Questions for Reflection/Discussion:

  1. When have you heard the call of God in your life?
  2. Looking back, can you see where you were too preoccupied or busy, and may have missed God’s call? 
  3. Why is unity (not uniformity) so important in the Christian community? 

This past All Souls day, I spent some time reflecting on those family members and friends who had died these past few years. I then commended them to God in prayer. In some cases their lives were long and full, and there was much to remember and celebrate. In other cases their passing—at least from my perspective—occurred too soon. There was much that was left unsaid and undone. 

As I continued to reflect on the lives of those people who had touched my life and whose passing occurred much too soon, I found myself feeling not just sad, but also a little irritated. I couldn’t get out it of my mind that they had died before their time. As I continued to pray, though, suddenly two thoughts occurred to me almost at the same time. 

The first was something the Irish pastor I worked with for six years used to say. Specifically he would say: “Sometimes the Lord uses poor sense.” This was his standard response when something happened that he didn’t understand or that seemed nonsensical. I think it was his Irish was of saying that God’s ways are not our ways. And the surprising thing was that once he said it, he was able to let go of whatever it was he couldn’t understand. It was as if having given voice to his lack of understanding, that was all he needed to do. He could let it go and move on. 

The second thought that occurred to me as I prayed were the simple words: “Remember the Blessings.” While I had been caught up in the sadness of loss, these words reminded me that I needed to focus instead on the blessings these people had been in my life. Now in saying this I don’t think I was being called to deny or try to block out the sadness I was feeling. Instead I also needed to remember the blessings these people had been in my life, and then let the healing balm of those blessings sooth and console me. And when I was able to do this, I did find comfort and consolation. 

When we encounter situations that are painful, sad or difficult, we need to remember that God’s ways are not our ways. It is not for us to understand the ways and work of God in this lifetime. Sometimes we will just need to acknowledge and accept this. At these times it may help us to say as my Irish pastor did that: “Sometimes the Lord uses poor sense.” Additionally, though, when we encounter situations that are painful, sad or difficult, it can be helpful to “Remember the Blessings.” The memory of the blessings we have experienced and enjoyed can bring healing and hope to the sometimes difficult and painful situations we encounter. 

In this lifetime none of us can escape having to deal with situations that are painful, sad and difficult. Accepting the fact that we don’t have to understand them and remembering that even in these situations there are blessings that can help us move forward in faith and hope, trusting in our God’s grace and great love.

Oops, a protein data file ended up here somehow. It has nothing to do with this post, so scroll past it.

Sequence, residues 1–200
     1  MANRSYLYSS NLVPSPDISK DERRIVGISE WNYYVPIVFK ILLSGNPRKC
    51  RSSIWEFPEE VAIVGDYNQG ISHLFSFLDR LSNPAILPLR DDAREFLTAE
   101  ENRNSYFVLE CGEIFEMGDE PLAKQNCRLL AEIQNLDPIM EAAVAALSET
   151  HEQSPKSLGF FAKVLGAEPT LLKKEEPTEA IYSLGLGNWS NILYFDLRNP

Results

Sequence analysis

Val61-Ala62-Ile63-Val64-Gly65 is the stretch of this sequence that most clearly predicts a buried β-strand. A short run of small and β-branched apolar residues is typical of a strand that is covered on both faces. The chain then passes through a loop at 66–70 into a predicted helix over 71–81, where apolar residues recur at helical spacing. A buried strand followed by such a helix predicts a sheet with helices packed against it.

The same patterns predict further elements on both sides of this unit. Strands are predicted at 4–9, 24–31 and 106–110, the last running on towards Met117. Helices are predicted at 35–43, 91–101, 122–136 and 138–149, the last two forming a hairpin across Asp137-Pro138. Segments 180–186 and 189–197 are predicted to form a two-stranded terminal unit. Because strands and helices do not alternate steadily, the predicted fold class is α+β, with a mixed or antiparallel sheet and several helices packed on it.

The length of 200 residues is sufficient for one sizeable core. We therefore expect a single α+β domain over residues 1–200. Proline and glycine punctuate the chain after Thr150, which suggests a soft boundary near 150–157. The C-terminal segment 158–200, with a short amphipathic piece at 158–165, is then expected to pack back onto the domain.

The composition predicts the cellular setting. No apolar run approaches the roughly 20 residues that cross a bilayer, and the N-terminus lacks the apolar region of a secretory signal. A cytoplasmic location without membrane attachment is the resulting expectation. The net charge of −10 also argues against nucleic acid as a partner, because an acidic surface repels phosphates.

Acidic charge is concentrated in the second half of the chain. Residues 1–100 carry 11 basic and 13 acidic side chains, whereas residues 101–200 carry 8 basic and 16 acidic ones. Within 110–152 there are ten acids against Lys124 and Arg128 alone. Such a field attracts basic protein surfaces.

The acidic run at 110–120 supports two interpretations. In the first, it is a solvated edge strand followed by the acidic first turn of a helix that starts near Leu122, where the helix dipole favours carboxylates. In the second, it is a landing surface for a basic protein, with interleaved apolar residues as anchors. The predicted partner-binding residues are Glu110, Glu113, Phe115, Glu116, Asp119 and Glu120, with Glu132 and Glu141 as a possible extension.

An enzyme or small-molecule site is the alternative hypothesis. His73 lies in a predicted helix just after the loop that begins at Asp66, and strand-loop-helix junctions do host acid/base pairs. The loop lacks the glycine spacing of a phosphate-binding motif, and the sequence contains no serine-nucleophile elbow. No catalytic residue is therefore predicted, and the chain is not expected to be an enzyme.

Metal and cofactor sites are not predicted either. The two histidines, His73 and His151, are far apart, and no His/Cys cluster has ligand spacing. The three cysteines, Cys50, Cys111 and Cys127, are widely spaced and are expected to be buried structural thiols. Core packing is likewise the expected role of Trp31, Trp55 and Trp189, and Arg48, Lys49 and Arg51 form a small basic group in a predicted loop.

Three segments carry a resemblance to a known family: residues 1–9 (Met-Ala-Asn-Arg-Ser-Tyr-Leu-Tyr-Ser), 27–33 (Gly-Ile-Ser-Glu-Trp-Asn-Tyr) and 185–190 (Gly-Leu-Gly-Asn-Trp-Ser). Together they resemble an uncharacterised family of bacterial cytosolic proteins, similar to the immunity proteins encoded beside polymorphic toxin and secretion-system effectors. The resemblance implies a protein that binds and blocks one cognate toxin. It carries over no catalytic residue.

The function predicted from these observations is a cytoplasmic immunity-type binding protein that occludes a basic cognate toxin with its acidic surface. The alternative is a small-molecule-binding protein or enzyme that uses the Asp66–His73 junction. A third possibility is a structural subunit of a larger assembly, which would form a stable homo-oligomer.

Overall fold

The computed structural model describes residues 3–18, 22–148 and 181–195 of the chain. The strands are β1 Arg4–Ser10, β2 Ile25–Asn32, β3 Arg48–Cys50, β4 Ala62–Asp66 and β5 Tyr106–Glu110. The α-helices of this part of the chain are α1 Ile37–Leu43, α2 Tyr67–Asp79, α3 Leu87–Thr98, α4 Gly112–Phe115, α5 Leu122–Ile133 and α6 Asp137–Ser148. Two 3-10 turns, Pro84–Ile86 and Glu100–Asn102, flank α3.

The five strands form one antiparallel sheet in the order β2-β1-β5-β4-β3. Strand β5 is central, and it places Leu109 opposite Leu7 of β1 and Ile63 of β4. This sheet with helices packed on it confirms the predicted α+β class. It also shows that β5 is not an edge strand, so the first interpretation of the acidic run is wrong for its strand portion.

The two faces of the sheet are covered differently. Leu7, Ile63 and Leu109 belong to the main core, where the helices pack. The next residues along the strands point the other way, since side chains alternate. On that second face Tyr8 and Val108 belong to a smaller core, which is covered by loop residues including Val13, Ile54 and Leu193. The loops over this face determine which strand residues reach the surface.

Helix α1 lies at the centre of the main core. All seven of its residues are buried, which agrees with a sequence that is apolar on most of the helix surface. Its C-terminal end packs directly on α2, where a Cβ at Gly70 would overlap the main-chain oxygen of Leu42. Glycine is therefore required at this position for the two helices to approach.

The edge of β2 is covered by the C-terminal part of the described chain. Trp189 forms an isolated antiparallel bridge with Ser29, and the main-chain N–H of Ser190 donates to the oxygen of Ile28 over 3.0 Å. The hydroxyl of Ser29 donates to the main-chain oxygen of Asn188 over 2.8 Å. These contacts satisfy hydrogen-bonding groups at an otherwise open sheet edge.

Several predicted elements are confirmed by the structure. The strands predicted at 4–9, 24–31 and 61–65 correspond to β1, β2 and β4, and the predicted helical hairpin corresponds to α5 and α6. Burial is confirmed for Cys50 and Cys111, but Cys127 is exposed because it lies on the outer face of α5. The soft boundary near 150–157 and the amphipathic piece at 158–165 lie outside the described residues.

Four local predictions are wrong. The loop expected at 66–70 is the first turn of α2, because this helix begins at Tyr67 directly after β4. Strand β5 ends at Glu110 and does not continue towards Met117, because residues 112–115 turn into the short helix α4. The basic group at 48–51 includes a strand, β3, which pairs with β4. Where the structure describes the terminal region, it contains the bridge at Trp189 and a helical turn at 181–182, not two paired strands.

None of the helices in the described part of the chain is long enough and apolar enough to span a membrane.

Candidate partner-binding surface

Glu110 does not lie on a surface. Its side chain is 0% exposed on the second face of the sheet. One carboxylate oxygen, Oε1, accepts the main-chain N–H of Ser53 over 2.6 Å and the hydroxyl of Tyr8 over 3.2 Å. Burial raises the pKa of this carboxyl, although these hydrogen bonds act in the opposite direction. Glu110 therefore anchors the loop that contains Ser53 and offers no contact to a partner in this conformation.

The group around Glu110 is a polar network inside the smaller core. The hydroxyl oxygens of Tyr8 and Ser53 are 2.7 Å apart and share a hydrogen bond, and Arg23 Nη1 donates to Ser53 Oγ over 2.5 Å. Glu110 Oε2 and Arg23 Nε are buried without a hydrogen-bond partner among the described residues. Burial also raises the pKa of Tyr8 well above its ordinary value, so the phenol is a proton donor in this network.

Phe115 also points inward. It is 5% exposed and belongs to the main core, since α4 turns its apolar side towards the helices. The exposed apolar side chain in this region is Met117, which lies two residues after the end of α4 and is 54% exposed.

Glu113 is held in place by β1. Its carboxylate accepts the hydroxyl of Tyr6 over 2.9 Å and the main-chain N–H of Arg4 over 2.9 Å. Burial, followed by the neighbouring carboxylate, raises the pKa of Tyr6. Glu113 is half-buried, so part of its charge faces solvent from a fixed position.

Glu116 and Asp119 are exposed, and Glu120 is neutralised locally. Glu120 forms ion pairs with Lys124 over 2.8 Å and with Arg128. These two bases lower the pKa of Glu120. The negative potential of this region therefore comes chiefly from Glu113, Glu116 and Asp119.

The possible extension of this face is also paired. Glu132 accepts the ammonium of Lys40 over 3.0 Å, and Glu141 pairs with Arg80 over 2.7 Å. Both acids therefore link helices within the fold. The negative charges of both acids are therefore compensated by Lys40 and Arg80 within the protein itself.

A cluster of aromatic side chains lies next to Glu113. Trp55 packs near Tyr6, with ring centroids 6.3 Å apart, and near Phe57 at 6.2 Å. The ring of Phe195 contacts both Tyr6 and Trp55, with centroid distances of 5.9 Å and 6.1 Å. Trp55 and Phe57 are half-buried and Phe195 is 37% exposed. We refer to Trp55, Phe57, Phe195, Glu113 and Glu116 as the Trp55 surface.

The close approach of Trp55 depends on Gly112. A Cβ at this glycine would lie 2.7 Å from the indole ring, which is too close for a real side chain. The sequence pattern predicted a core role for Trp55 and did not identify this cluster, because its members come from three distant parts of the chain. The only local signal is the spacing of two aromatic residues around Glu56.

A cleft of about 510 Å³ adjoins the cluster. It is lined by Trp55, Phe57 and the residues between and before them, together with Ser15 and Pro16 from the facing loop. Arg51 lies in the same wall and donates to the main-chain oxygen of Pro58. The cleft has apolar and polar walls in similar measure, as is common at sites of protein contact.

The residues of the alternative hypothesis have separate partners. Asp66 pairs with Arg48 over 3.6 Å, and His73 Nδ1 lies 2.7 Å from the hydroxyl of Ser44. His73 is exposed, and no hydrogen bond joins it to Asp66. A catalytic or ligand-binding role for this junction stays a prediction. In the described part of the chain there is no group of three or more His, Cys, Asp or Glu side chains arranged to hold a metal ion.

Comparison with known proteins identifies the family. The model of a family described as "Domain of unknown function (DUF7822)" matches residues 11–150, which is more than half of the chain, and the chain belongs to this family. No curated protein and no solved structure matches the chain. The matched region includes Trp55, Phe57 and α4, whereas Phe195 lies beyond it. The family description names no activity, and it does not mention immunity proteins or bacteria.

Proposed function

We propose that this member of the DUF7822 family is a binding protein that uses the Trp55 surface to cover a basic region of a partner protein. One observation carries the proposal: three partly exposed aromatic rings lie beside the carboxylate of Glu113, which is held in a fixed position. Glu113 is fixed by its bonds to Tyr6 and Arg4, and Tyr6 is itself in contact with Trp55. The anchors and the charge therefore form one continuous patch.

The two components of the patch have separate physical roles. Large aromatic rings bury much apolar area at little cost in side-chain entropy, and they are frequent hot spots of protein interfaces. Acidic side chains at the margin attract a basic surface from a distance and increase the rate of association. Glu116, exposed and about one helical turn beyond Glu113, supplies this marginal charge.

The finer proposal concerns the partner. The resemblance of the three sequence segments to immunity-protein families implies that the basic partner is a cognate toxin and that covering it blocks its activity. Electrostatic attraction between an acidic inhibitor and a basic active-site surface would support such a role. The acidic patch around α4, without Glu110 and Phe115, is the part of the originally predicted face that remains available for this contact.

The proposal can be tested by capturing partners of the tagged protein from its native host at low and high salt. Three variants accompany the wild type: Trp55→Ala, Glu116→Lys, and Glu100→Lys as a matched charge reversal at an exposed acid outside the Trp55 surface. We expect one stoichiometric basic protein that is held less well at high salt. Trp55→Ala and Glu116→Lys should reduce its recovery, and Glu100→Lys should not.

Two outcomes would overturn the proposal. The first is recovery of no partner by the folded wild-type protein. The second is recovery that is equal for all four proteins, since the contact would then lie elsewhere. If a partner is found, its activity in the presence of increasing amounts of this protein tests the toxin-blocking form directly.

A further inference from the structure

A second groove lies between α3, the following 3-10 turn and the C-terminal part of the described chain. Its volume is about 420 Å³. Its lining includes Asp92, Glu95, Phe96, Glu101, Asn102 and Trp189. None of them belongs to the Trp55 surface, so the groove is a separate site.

For this Sunday’s readings click on the link below or copy and paste it into your browser. 

This Sunday we return to what is known as Ordinary Time in our Church.  Ordinary Time is that time between the end of the Christmas season and the beginning of Lent, and between the end of the Easter season and the beginning of Advent.  

At first glance our Gospel for this Sunday would seem to suggest that we are back in Advent.  I say this because as this Gospel begins we hear John the Baptist, identifying Jesus as “….. the Lamb of God, who takes away the sin of the world.”    In this Gospel, though, John also refers to Jesus’ baptism:  “I did not know him, but the one who sent me to baptize with water told me, ‘On whomever you see the Spirit come down and remain, he is the one who will baptize with the Holy Spirit." After his baptism, Jesus began his public ministry.  And sincewe have no information about Jesus life prior to the beginning of his public ministry, apart from the story of the finding of Jesus in the Temple, it is fitting that we move from the stories of his birth to the beginning of his public ministry.   

Our first reading this Sunday is from the Book of the Prophet Isaiah.   It refers to the “Servant” of the Lord, whom God will make “a light to the nations,  that my salvation may reach to the ends of the earth.”   

Our second reading this Sunday is the beginning of the first Letter of Saint Paul to the Corinthians. The letter is addressed “to you who have been sanctified in Christ Jesus, called to be holy, with all those everywhere who call upon the name of our Lord, Jesus Christ, their Lord and ours.”   

Questions for Reflection/Discussion:

  1. When John said he did not know Jesus, I suspect he meant that he didn’t recognize him as the promised messiah.  When have you failed to recognize God’s presence in your life?   
  2. Have you ever felt empowered by the Spirit to do something? 
  3. In the first reading, Isaiah talked about the “Servant” who was to be a light to the nations.  Have you ever felt called to be light to others?    

For this Sunday’s readings, click on the link below or copy and paste it into your browser.      

This Sunday we celebrate the Feast of the Epiphany of the Lord.   Epiphany comes from the Greek word “epiphaneia” meaning manifestation.   In the Western Rite Catholic Churches this Feast is celebrated as the manifestation of Christ to the Gentiles, represented by the Magi from the East.  

On this feast we always read the Gospel story of the visit to the new born Christ child by astrologers or magi from the East.  If you read the Gospel text carefully, however, you will notice that the magi are never identified as “kings” and their number is never specified.   (We presume there were three, because there were three gifts.)  The three “kings” we sing of comes to us from our verbal tradition and not from the scriptures.